Social studies is much more than the learning of dates and facts. In our rigorous hands-on curriculum students are challenged to make connections and explore the cause and effect relationships and evaluate their learning.  Along with covering the critical thinking skills we also emphasize the fundamental areas of social studies including history, geography, economics, culture, ethics and belief systems, as well as social and political systems.  The learning of social studies is enriched by projects that allow gifted learners to demonstrate their creativity. Edlin students take advantage of field trips to various local and regional museums and historical sites.

Being such a culturally diverse learning community, we believe it is important for students in our kindergarten classes to study children and countries around the world.  In first grade, students learn about aspects of living in a community, and their responsibility as productive citizens.  As students progress through the social studies program, they explore regions of United States, United States history, ancient history, modern world history, and civics and government.


The Upper School social studies curriculum helps children develop an understanding of the local and regional community, as well as the greater world around them. Through discussions, books, speakers, and cultural immersion trips, children learn about different cultures, learn to respect one another, and develop joy in exploration and connection with humanity. In the Upper School, they examine history and learn about geography and its connection to history.

Social studies activities at Edlin integrate history, geography, and culture to help children better understand the development of humans, perspectives, and societies. We celebrate multiple cultural holidays at the school, and value our families' unique contributions.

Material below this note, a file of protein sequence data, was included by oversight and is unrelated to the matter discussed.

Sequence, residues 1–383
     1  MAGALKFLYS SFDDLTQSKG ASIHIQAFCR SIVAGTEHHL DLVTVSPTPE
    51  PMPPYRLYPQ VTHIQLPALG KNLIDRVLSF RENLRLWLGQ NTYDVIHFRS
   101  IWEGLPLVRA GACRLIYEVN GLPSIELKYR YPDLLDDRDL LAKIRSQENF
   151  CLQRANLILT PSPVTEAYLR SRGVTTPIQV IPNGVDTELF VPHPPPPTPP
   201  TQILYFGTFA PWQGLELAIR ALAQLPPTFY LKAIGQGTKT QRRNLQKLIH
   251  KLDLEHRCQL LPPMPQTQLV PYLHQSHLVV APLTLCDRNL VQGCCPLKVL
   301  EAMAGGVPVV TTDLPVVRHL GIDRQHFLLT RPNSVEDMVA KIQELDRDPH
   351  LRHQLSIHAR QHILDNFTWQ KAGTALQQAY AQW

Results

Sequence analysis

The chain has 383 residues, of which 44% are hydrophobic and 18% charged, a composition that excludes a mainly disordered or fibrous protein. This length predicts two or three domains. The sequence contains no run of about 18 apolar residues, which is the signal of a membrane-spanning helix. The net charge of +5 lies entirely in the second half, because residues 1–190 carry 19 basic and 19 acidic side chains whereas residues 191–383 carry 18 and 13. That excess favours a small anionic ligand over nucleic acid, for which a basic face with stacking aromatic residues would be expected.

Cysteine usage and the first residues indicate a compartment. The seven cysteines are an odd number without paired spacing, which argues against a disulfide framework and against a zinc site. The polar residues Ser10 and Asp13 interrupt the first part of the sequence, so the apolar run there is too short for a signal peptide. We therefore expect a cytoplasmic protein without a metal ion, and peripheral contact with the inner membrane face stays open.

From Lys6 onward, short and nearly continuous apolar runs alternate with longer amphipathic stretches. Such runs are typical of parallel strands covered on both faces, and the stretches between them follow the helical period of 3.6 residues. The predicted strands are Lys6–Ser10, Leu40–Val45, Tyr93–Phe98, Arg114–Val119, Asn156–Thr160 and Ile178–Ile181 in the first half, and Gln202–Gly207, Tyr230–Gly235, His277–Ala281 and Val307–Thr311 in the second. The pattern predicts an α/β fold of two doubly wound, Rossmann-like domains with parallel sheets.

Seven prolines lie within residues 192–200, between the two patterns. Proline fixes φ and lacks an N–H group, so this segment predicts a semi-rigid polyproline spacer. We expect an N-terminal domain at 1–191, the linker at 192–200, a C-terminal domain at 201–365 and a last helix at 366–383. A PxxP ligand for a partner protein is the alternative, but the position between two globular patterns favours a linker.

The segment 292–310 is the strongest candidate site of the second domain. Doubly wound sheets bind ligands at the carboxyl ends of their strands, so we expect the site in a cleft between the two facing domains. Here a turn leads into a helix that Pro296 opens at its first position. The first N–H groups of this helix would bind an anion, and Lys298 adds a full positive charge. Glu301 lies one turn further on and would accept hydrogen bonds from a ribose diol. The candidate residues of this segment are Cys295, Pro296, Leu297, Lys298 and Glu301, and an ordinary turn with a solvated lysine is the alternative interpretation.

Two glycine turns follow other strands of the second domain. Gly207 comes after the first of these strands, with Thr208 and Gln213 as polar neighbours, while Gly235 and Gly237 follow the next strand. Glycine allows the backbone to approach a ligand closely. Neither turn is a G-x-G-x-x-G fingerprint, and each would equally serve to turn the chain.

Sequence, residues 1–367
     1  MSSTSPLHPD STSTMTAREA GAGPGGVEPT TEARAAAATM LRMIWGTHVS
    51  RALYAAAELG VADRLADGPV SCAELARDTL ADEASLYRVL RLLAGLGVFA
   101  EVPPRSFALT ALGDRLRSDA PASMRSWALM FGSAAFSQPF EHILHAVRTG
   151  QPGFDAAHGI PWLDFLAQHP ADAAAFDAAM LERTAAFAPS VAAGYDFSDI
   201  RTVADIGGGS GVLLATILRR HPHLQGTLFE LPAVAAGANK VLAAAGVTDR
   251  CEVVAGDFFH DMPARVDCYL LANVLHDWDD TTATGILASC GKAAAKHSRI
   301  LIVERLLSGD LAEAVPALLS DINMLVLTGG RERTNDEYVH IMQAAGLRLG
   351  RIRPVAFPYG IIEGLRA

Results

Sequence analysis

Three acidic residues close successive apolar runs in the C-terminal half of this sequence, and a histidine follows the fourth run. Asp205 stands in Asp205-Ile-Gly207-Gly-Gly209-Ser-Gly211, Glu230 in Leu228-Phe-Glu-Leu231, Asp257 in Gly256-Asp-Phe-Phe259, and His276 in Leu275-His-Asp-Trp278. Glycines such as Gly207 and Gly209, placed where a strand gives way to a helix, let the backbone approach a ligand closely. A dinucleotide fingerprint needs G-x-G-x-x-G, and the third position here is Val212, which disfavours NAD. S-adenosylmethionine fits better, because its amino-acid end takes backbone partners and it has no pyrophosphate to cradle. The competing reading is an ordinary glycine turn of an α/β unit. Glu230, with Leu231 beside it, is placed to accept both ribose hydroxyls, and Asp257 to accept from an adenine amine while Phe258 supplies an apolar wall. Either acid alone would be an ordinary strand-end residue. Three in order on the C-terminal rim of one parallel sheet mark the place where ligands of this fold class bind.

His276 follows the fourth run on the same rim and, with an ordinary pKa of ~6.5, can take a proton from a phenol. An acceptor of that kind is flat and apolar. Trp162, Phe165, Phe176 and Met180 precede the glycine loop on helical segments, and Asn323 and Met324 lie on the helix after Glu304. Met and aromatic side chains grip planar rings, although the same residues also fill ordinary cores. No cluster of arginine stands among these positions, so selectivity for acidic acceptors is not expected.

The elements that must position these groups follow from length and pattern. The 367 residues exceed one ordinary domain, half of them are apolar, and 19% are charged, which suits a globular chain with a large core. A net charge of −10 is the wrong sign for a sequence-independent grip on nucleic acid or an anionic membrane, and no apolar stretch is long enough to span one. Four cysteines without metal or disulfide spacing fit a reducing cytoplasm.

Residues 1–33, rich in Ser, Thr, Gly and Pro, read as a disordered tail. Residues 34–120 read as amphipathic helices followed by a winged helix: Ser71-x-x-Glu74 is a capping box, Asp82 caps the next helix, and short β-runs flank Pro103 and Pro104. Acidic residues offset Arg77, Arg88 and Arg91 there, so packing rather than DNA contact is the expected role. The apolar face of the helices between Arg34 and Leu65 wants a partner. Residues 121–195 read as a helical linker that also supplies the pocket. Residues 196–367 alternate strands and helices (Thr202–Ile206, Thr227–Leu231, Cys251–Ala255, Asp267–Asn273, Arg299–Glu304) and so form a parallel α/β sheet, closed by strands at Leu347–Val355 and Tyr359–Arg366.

We are living in an increasingly diverse world. The need to be able to communicate in more than one language is becoming more important. At Edlin, we take pride in introducing students to foreign languages at an early age.  We do not underestimate what children can achieve. We are not limited to the conversational aspect of the foreign language in the primary grades, although it is our focus. Students at all ages, starting with K4, are provided interactive lessons in either French or Spanish four days a week, and one day of Latin. The curriculum is supported by the exploration of related cultures and countries where the language is spoken. Students gain a better understanding of the language within the context of its usage and development. They learn about the history of the language, and have fun while expanding their skills.  Our minimum objectives are for the children who graduate from Edlin to be able to enter Latin II, Spanish III, or French III in high school.